Rep1

Rep2

Rep1

Rep2

CYP6AA9

CPIJ800196

7.4

5.8

3

2

1.974

2.439

Oxidoreductase activity

NADH dehydrogenase iron-sulfur protein 3, mitochondrial precursor

CPIJ013503

7.7

10.2

6

4

1.278

1.453

Oxidoreductase activity

ATP synthase B chain, mitochondrial precursor

CPIJ006067

10.9

26.9

2

6

1.459

1.556

Transporter activity

Hydrogen-transporting ATP synthase, G-subunit, putative

CPIJ801865

14.9

23.8

1

2

1.403

1.559

Transporter activity

CRAL/TRIO domain-containing protein, putative

CPIJ009578

15.6

7.1

4

2

1.493

1.624

Transporter activity

Cuticle protein CP14.6 precursor

CPIJ802440

11.5

11.5

1

1

1.774

3.561

Structural constituent of cuticle

Trehalose-6-phosphate synthase

CPIJ801662

8.7

5.9

6

4

1.772

1.426

Catalytic activity

utp-glucose-1-phosphate uridylyltransferase 2

CPIJ006068

2.5

14

1

6

1.621

1.331

Transferase activity

galactokinase

CPIJ015186

5.5

2.9

2

1

1.207

1.206

Transferase activity;

DEAD box ATP-dependent RNA helicase

CPIJ801619

11.6

5.7

4

2

1.216

1.307

Hydrolase activity

Histone cluster 1, putative

CPIJ012406

28.2

35.9

3

4

1.236

1.297

DNA binding;

T-complex protein 1 subunit epsilon

CPIJ801444

3.9

6.3

2

3

1.242

1.518

Nucleic acid binding

NADH-ubiquinone oxidoreductase 42 kda subunit

CPIJ011693

11.9

16.8

4

5

1.284

1.218

Phosphotransferase activity

Conserved hypothetical protein (prag01)

CPIJ017479

36

36

2

2

1.337

1.635

 

Conserved hypothetical protein

CPIJ009715

12.4

16.6

3

4

1.799

1.983

 
Table 4

List of down-regulated proteins in the Lab-DR strain comparing with the Lab-DS strain

  

Protein coverage (%)

NO.peptide

Fold changes

 

Protein name

VectorBase ID

Rep1

Rep2

Rep1

Rep2

Rep1

Rep2

Function

Anamorsin, putative

CPIJ801647

4.6

4.6

1

1

0.524

0.545

Electron carrier activity

Cuticle protein, putative

CPIJ001836

26.5

51

3

5

0.57

0.729

Structural constituent of cuticle

Pupal cuticle protein 78E, putative

CPIJ012466

6

23.9

1

5

0.635

0.722

Structural constituent of cuticle

Odorant binding protein OBP43

CPIJ017326

6.5

38.4

1

3

0.675

0.649

Odorant binding

Thymosin isoform 1

CPIJ012935

10

32.3

1

3

0.682

0.691

Actin binding

Serine/arginine rich splicing factor

CPIJ801552

6.5

14.5

1

3

0.809

0.804

Nucleic acid binding

Calponin/transgelin

CPIJ801665

28

26.9

3

3

0.823

0.768

Protein binding

Sensory appendage protein, putative

CPIJ801977

8.8

19.2

1

2

0.656

0.788

 

Conserved hypothetical protein (CPR135)

CPIJ014778

9.2

12.7

2

3

0.664

0.832

Structural constituent of cuticle

Hypothetical protein (CPR110)

CPIJ009316

8.6

21.1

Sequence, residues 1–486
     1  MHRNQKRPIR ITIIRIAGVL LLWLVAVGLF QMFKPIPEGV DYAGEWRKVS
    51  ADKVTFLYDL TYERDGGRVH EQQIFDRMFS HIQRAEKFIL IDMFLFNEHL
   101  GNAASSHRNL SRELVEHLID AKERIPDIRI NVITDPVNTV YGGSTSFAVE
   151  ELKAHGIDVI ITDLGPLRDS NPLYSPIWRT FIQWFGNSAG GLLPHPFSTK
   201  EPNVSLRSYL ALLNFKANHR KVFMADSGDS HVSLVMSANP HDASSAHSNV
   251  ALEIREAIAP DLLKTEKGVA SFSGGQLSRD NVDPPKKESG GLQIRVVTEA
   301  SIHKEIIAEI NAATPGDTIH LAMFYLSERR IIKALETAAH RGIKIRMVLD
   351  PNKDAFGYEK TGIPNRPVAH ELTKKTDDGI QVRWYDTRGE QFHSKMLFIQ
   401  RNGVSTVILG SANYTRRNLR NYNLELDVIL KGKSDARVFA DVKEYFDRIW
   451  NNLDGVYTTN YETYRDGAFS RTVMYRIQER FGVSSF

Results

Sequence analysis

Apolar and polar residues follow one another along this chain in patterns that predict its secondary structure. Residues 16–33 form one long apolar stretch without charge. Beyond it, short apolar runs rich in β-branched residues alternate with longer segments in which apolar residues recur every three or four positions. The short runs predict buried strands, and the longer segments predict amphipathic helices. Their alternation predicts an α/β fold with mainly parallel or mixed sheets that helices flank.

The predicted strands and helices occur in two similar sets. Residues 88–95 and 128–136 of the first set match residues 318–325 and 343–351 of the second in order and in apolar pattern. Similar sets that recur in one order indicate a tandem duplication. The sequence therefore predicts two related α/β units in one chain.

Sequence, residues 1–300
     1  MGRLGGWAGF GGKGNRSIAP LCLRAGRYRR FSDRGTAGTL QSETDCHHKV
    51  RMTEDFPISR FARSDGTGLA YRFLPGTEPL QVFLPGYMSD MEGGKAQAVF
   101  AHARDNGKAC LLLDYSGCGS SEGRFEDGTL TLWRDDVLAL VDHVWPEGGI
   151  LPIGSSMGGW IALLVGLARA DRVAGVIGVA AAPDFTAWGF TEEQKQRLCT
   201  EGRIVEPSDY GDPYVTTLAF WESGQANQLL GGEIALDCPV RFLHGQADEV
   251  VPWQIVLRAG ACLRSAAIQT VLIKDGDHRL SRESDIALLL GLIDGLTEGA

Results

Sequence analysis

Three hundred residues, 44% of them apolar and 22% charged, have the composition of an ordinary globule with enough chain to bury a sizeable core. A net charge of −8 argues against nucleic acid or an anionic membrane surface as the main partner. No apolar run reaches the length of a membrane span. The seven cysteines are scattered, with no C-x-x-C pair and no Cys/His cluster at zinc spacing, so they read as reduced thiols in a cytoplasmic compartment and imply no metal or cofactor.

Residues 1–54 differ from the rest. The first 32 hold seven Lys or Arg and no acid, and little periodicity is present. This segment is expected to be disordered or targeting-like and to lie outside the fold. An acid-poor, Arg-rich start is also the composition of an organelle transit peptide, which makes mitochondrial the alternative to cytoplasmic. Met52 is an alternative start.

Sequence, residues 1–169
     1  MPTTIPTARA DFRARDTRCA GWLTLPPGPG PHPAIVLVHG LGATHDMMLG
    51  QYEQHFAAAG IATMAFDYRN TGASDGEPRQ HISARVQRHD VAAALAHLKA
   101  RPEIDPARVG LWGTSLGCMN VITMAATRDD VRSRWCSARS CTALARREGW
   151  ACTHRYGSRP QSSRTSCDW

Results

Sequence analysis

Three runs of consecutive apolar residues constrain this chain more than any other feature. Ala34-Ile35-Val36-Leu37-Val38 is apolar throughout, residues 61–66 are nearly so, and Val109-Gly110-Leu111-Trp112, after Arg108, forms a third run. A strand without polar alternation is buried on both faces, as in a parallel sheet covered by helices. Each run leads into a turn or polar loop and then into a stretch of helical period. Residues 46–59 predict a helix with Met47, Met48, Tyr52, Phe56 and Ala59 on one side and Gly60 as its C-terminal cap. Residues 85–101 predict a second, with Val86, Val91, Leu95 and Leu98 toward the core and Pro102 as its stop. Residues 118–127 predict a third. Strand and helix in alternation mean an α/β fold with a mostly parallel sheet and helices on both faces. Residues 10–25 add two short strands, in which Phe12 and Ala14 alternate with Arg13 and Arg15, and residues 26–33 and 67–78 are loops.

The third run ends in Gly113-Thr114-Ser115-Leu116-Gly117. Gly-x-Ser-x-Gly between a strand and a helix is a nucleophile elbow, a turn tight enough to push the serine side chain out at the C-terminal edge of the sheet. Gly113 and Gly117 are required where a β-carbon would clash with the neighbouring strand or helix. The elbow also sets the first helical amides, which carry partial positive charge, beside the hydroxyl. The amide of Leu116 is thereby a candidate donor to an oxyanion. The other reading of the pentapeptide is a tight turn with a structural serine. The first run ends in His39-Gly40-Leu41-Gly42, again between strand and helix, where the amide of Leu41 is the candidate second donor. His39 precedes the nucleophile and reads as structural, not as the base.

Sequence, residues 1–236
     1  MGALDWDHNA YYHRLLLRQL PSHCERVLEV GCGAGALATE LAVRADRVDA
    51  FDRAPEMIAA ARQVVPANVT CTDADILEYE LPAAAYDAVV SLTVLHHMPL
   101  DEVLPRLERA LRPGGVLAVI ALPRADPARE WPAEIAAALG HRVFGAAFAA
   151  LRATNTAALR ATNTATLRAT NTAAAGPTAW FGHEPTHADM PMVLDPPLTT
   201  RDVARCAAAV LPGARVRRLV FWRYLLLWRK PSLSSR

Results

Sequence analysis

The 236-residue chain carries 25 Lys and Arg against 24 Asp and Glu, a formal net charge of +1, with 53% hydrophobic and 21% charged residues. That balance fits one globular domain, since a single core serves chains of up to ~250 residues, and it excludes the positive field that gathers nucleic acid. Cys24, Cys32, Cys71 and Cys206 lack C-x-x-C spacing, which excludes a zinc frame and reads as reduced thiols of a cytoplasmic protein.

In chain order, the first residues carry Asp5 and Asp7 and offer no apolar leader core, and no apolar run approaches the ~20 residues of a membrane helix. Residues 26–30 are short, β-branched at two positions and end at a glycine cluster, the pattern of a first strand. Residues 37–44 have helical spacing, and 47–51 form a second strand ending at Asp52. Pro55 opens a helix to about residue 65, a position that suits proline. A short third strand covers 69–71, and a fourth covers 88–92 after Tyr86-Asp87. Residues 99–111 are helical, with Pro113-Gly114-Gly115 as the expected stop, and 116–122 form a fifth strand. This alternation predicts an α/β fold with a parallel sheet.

1

4

0.453

0.82

Structural constituent of cuticle

Conserved hypothetical protein

CPIJ801684

8.2

7.8

10

10

0.809

0.773

Lipid transporter activity

Conserved hypothetical protein

CPIJ002809

9.6

3.2

2

1

0.776

0.738

Chaperone binding

Conserved hypothetical protein

CPIJ011923

19.3

24.1

2

3

0.709

0.756

 

Hypothetical protein

CPIJ000341

11.4

14.2

2

3

0.464

0.75

 

Hypothetical protein

CPIJ006085

4.7

4.7

1

1

0.512

0.747

 
.

GO analysis

Among the 30 differentially expressed proteins, 25 proteins were sub-categorized into 35 hierarchically-structured GO classifications including 18 biological process, 9 cellular component, and 8 molecular function (Figure 2). Specially, “metabolic process” (10, 40%), “single-organism process” (9, 36%), and “cellular process” (8, 32%) were highly represented in “biological process”; “cell” (12, 48%), “cell part” (12, 48%), and “organelle” (9, 36%) in “cellular component”; and “catalytic activity” (12, 48%), “binding” (11, 44%), and “structural molecule activity” (5, 20%) in “molecular function” (Figure 2, Additional file 5: Table S4).
Figure 2
Figure 2

Gene Ontology classification of differentially expressed proteins identified by iTRAQ experiments between the Lab-DS and Lab-DR strains. The differentially expressed proteins are grouped into three hierarchically-structured GO terms: biological process, cellular component, and molecular function. The y-axis indicates the number and percent of proteins in each GO term.

Validation of CYP6AA9 expression in the laboratory and field populations by Western blot

After preparing the antibody against CYP6AA9 successfully, we investigated the expression of CYP6AA9 at the four different life stages in the laboratory population by Western blot, which was conducted to validate the proteomic data. The results showed that CYP6AA9 was overexpressed at each life stage of the Lab-DR strain comparing to the corresponding life stage of the Lab-DS strain. At least three biological replicates were performed, and the representing results were shown in Figure 3.
Figure 3
Figure 3

Validation of CYP6AA9 expression at different life stages in the laboratory population by Western blot. (A), (B), (C), and (D) is indicated the fourth-instar larvae, pupae, adult males and adult females, respectively. β-actin was the internal control. Three biological replicates were performed for each life stage.